Government interest costs will double in 2025
Global government debt has increased by 117% since the credit crunch. Thanks to the low rate of interest, this has been possible at a low cost. But those times are over. So Janos Henderson expects interest costs to double within 3 years. This is good news for bond investors.
The huge debt burden and rising interest rates will lead to an exponential growth in the interest costs of governments in the coming years. This is a setback for the economy and the taxpayer. It opens up new horizons for investors, Janus Henderson wrote in a press release.
The numbers the asset manager included in its annual sovereign debt index are alarming. Global government debt doubled between 2008 and 2022 (+117%) to a record $66.2 trillion. That was much faster than the global economy, which only rose 56%.
Over the past decade, these increases in debt have not been a catastrophe because of low interest rates, but as everyone knows, time is up for now. Governments should consider doubling interest costs in the next three years. Taxpayers will have to foot part of the bill.
Rising interest charges is an almost unstoppable process. Last year, it actually rose 20.9% (in constant currency) to a record $1.38 trillion. This was the largest increase since 1984. The effective interest rate on total debt (old and new) was 2.2%.
from 2.2% to 3.8%
Janus Henderson predicts that – as more and more old bonds are converted into new ones – this will rise to an effective yield of 3.8% by 2025, which means governments will have to pay $2.80 trillion in interest by then.
This is also due to the constant budget deficit which pushes the debt further and further. Janus Henderson projects global government debt of $77.2 trillion by 2025.
Someone has to pay the bill
The increase in government debt and interest costs cannot continue indefinitely without consequences. Governments will have to make adjustments in the form of spending cuts and/or higher taxes.
Janos Henderson believes that the United States is particularly vulnerable at this point. Last year, the United States took in more new loans than all other countries combined.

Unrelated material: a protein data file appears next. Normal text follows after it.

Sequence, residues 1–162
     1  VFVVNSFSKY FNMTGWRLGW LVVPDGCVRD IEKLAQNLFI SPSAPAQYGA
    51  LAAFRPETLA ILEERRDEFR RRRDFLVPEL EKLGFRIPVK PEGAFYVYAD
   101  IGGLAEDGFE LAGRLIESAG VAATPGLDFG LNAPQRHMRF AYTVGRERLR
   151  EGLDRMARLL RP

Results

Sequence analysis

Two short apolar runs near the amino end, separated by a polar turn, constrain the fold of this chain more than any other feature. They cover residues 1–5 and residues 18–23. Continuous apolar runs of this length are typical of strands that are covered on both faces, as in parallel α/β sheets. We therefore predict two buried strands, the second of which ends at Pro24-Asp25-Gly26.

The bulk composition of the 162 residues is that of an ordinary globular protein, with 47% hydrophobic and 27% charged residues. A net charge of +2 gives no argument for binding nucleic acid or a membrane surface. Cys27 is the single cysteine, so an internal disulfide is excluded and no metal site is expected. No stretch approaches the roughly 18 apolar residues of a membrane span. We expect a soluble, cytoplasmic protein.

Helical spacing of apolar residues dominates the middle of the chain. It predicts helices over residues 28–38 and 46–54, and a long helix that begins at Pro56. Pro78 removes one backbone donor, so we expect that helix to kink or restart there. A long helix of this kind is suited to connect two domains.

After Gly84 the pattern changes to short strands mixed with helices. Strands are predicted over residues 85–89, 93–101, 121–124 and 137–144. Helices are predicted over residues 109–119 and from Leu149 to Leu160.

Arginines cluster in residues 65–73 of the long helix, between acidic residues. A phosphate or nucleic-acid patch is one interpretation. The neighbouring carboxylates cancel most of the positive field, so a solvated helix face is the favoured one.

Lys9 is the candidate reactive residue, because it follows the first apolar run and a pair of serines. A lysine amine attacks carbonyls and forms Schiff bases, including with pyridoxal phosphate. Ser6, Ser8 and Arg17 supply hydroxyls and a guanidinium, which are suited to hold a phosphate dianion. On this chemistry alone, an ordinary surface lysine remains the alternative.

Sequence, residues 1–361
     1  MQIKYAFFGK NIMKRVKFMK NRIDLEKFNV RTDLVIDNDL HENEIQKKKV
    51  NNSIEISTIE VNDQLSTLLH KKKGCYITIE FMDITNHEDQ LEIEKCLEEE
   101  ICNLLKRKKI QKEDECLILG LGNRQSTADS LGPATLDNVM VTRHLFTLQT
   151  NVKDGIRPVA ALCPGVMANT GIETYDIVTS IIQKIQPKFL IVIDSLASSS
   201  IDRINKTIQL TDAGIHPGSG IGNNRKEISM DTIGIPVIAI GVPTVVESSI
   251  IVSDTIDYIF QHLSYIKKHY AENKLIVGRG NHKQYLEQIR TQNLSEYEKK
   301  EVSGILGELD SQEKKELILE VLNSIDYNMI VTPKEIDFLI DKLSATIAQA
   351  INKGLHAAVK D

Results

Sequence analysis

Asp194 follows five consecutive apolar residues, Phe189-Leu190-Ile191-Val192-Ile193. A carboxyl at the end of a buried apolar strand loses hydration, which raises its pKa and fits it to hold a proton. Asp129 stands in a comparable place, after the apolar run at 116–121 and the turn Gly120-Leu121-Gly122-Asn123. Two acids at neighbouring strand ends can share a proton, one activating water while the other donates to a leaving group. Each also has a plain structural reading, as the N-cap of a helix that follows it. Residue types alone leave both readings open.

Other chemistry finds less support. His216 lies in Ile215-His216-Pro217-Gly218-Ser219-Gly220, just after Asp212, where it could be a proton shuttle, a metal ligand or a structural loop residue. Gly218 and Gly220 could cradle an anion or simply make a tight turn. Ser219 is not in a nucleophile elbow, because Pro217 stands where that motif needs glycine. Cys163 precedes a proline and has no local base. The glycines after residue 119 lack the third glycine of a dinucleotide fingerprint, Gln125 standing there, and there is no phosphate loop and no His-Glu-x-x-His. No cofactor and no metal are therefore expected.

An additional pain point for the Treasury is losses on bonds held by central banks. These losses also burden the budget.
In general, lower government spending and higher taxes will hinder economic growth.
Ghost bond investors
The other side of the coin is that bond investors benefit from the situation. After all, they are the ones who collect the extra benefit. The yield on government bonds is now at its highest level since 2007. And that has caused a lot of pain in 2022. After all, higher interest rates drive prices lower. But Janos Henderson expects this process to reverse in the coming years.
In fact, the asset manager assumes a harder landing than many people think, which will lead to lower interest rates and higher prices.
Low debt in the Netherlands
The debt situation in the Netherlands is not so bad. We are among the best in class in terms of government debt with a debt ratio of just 51% ($536 billion) in 2022.
Debt is projected to reach $583 billion by 2025. This is higher than it was in 2022, but since the economy is growing faster than debt, the debt-to-GDP ratio is still down to 48%. Inflation also helps keep the debt mountain in check.
the IEXProfs Editors It consists of several journalists. The information in this article is not intended as professional investment advice or as a recommendation to make certain investments. Editors may hold positions in one or more of the listed funds. click here To get an overview of their investments.
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